(a) y = sinx (b) y = sinx + cos x

(c) y = sinx + sin

2

x (d) y = 2 sinx + sin

2

x

(e) y = 4 sinx + sin

2

x (f ) y = 2 cos x + cos

2

x

(g) y =

4

2 + sinx

(h) y =

`

2 + sinx

2

40.7 Find the domain and sketch the graphs of each of the following functions

(a) y = arcsin x (b) y = arctan x (c) y = 2 arctan x x

(d) y = arctan(x

2

) (e) y = 3 arcsin(x) 5x (f ) y = 6 arcsin(x) 10x

2

40.8 In the following two problems it is not possible to solve the equation f

(x) = 0,

but you can tell something from the second derivative.

(a) Show that the function f(x) = xarctan x is convex. Then sketch the graph of f.

(b) Show that the function g(x) = xarcsinx is convex. Then sketch the graph of g.

40.9 For each of the following functions use the derivative to decide if they are increasing,

decreasing or neither on the indicated intervals

(a) f(x) =

x

1 +x

2

10 < x <

(b) f(x) =

2 +x

2

x

3

x

1 < x <

(c) f(x) =

2 +x

2

x

3

x

0 < x < 1

(d) f(x) =

2 +x

2

x

3

x

0 < x <

94

41. Optimization Problems

Often a problem can be phrased as

For which value of x in the interval a x b is f(x) the largest?

In other words you are given a function f on an interval [a, b] and you must nd all global

maxima of f on this interval.

If the function is continuous then according to theorem 36.1 there always is at least

one x in the interval [a, b] which maximizes f(x).

If f is dierentiable then we know what to do: any local maximum is either a stationary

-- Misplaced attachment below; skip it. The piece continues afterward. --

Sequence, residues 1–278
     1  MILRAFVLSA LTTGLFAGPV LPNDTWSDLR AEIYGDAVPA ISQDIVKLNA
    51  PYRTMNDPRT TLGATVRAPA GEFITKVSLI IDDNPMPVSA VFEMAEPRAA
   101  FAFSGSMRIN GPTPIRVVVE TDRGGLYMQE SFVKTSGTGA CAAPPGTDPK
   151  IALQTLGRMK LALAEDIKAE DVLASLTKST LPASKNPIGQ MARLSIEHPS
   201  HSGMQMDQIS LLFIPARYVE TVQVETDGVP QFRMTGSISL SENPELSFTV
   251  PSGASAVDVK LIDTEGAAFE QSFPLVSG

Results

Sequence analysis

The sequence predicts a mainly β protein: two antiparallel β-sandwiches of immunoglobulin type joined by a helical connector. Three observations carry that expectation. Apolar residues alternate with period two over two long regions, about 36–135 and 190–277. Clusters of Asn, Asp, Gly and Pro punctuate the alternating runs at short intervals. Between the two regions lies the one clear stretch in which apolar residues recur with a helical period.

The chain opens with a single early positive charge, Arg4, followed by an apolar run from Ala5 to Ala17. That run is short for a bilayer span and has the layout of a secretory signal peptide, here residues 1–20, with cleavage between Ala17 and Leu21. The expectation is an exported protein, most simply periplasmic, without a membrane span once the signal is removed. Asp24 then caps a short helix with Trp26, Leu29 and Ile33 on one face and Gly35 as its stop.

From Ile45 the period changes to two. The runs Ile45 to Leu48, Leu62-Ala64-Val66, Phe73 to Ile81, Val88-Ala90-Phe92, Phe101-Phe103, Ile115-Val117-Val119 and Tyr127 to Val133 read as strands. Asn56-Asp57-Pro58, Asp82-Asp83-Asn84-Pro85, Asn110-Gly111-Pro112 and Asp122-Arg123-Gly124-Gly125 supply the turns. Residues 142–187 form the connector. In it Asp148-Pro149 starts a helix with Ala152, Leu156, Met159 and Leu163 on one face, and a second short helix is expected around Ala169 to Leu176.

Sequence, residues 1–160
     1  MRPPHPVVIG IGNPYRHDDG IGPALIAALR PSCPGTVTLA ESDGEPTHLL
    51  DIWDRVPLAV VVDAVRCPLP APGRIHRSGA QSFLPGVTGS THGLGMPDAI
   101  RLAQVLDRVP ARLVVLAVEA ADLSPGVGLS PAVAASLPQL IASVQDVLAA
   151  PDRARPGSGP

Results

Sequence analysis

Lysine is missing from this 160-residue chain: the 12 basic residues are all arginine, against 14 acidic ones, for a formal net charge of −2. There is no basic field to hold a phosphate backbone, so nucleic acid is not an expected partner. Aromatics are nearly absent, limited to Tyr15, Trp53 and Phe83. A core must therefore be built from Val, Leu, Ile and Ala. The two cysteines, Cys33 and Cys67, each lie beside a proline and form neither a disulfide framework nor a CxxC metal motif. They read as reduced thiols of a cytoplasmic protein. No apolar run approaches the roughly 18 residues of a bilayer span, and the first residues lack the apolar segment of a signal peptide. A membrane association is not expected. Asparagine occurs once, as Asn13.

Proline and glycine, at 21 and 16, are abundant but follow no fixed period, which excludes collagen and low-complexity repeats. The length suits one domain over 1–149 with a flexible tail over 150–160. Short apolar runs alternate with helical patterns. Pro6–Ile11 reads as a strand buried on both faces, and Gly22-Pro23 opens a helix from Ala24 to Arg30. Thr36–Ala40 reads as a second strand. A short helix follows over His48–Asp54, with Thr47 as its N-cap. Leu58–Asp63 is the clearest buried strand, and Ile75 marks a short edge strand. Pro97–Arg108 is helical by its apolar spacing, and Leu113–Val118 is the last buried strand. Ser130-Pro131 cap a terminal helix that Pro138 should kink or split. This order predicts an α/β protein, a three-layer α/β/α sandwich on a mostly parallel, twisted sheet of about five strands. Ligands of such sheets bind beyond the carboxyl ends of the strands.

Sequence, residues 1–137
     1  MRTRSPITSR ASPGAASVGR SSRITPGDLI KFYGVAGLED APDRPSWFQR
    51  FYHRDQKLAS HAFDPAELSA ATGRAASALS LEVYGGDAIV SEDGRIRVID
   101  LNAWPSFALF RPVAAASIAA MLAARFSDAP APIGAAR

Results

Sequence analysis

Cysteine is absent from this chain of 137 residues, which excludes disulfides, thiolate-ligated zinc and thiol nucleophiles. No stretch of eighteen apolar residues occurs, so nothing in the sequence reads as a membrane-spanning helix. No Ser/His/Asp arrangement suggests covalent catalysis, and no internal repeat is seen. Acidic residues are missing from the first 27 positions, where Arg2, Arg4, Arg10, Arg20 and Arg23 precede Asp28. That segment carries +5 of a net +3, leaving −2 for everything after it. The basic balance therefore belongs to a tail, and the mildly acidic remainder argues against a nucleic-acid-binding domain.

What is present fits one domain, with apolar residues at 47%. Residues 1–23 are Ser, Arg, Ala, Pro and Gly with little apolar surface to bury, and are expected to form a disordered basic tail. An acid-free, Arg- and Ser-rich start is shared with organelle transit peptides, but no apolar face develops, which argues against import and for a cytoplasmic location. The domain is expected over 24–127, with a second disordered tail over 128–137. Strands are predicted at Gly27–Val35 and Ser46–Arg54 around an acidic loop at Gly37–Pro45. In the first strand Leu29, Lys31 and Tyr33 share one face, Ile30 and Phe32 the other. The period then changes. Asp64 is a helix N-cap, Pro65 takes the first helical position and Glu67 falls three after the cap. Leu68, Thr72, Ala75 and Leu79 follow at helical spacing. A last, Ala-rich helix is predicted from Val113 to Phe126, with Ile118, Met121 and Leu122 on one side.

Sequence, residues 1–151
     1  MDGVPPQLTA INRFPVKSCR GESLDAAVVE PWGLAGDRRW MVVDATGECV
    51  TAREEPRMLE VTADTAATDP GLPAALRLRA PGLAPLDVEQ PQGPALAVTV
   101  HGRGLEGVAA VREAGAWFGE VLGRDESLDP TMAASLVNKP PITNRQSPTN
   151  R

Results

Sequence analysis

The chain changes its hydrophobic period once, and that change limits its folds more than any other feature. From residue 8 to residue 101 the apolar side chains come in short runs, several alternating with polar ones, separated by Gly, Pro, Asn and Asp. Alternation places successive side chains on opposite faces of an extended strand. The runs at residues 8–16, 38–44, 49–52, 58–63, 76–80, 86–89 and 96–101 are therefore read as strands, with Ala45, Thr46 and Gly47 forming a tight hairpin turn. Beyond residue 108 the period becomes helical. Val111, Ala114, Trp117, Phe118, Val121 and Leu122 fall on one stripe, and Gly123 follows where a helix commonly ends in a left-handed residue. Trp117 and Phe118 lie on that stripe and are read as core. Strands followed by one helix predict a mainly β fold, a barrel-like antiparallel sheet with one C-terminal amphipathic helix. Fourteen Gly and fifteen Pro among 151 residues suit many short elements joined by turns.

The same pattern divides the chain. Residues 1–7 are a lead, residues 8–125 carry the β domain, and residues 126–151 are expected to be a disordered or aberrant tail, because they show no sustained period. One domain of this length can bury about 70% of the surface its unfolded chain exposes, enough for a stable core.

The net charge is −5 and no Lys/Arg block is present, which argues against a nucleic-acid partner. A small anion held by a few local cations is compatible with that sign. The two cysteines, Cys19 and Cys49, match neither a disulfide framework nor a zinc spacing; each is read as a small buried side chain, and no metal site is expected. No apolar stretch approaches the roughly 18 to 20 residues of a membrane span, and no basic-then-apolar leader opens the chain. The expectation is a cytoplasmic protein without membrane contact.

point or one of the end points a and b. Therefore you can nd the global maxima by

following this recipe:

(1) Find all stationary points of f;

(2) Compute f(x) at each stationary point you found in step (1);

(3) Compute f(a) and f(b);

(4) The global maxima are those stationary- or endpoints from steps (2) and (3)

which have the largest function value.

Usually there is only one global maximum, but sometimes there can be more.

If you have to minimize rather than maximize a function, then you must look for global

minima. The same recipe works (of course you should look for the smallest function value

instead of the largest in step 4.)

The diculty in optimization problems frequently lies not with the calculus part, but

rather with setting up the problem. Choosing which quantity to call x and nding the

function f is half the job.

41.1. Example The rectangle with largest area and given perimeter

Which rectangle has the largest area, among all those rectangles for which the total

length of the sides is 1?

Solution. If the sides of the rectangle have lengths x and y, then the total length of the

sides is

L = x +x +y +y = 2(x +y)

and the area of the rectangle is

A = xy.

So are asked to nd the largest possible value of A = xy provided 2(x + y) = 1. The

lengths of the sides can also not be negative, so x and y must satisfy x 0, y 0.

We now want to turn this problem into a question of the form maximize a function

over some interval. The quantity which we are asked to maximize is A, but it depends

on two variables x and y instead of just one variable. However, the variables x and y are

not independent since we are only allowed to consider rectangles with L = 1. From this

equation we get

L = 1 = y =

1

2

x.

Hence we must nd the maximum of the quantity

A = xy = x

`

1

2

x

The values of x which we are allowed to consider are only limited by the requirements